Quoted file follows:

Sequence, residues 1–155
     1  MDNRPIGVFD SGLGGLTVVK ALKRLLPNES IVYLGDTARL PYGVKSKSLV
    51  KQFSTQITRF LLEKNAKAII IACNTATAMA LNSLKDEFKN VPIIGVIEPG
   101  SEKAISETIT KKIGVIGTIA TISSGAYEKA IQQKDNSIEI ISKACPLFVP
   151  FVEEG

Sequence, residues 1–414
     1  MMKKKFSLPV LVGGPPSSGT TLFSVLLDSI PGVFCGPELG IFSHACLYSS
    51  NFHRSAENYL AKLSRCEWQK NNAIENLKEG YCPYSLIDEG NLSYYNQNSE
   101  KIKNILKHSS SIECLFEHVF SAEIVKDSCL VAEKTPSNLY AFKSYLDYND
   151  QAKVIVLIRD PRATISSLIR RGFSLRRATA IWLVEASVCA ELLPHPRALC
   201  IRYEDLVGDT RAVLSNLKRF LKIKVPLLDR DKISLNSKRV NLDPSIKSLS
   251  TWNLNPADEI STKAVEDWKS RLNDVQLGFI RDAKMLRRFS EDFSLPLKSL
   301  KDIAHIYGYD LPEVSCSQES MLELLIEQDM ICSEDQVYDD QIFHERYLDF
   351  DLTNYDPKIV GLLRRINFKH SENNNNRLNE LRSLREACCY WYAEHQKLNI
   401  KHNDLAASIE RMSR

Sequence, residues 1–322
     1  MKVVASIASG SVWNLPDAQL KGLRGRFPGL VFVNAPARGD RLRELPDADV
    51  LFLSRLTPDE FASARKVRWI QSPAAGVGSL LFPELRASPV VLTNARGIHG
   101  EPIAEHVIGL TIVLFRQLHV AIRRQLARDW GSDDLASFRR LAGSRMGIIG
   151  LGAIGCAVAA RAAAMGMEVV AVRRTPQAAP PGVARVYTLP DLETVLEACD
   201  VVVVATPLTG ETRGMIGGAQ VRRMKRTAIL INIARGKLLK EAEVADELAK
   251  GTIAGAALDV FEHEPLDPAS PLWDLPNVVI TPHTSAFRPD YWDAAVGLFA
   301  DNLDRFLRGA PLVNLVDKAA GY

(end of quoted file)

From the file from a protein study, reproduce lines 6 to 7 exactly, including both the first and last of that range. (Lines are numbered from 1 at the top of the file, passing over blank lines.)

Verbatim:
Sequence, residues 1–414
     1  MMKKKFSLPV LVGGPPSSGT TLFSVLLDSI PGVFCGPELG IFSHACLYSS